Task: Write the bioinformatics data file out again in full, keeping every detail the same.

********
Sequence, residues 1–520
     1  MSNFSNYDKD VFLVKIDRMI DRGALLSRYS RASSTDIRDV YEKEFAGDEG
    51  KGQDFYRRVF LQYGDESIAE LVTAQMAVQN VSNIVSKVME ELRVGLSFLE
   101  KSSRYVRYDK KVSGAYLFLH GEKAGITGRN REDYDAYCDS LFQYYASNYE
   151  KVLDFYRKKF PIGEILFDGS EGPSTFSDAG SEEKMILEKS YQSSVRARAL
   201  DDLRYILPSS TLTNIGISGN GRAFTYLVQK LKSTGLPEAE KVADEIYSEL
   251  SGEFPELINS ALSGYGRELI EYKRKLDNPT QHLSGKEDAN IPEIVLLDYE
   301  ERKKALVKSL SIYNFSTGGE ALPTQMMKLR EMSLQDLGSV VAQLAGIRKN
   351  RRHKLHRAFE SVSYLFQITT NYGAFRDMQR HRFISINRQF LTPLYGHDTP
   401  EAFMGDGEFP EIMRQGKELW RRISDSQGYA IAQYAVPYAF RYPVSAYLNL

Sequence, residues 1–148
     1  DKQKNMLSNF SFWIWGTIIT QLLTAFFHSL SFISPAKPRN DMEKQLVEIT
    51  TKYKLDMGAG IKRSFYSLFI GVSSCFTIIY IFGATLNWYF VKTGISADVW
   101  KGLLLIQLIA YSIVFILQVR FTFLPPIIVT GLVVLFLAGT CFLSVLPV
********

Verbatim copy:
Sequence, residues 1–520
     1  MSNFSNYDKD VFLVKIDRMI DRGALLSRYS RASSTDIRDV YEKEFAGDEG
    51  KGQDFYRRVF LQYGDESIAE LVTAQMAVQN VSNIVSKVME ELRVGLSFLE
   101  KSSRYVRYDK KVSGAYLFLH GEKAGITGRN REDYDAYCDS LFQYYASNYE
   151  KVLDFYRKKF PIGEILFDGS EGPSTFSDAG SEEKMILEKS YQSSVRARAL
   201  DDLRYILPSS TLTNIGISGN GRAFTYLVQK LKSTGLPEAE KVADEIYSEL
   251  SGEFPELINS ALSGYGRELI EYKRKLDNPT QHLSGKEDAN IPEIVLLDYE
   301  ERKKALVKSL SIYNFSTGGE ALPTQMMKLR EMSLQDLGSV VAQLAGIRKN
   351  RRHKLHRAFE SVSYLFQITT NYGAFRDMQR HRFISINRQF LTPLYGHDTP
   401  EAFMGDGEFP EIMRQGKELW RRISDSQGYA IAQYAVPYAF RYPVSAYLNL

Sequence, residues 1–148
     1  DKQKNMLSNF SFWIWGTIIT QLLTAFFHSL SFISPAKPRN DMEKQLVEIT
    51  TKYKLDMGAG IKRSFYSLFI GVSSCFTIIY IFGATLNWYF VKTGISADVW
   101  KGLLLIQLIA YSIVFILQVR FTFLPPIIVT GLVVLFLAGT CFLSVLPV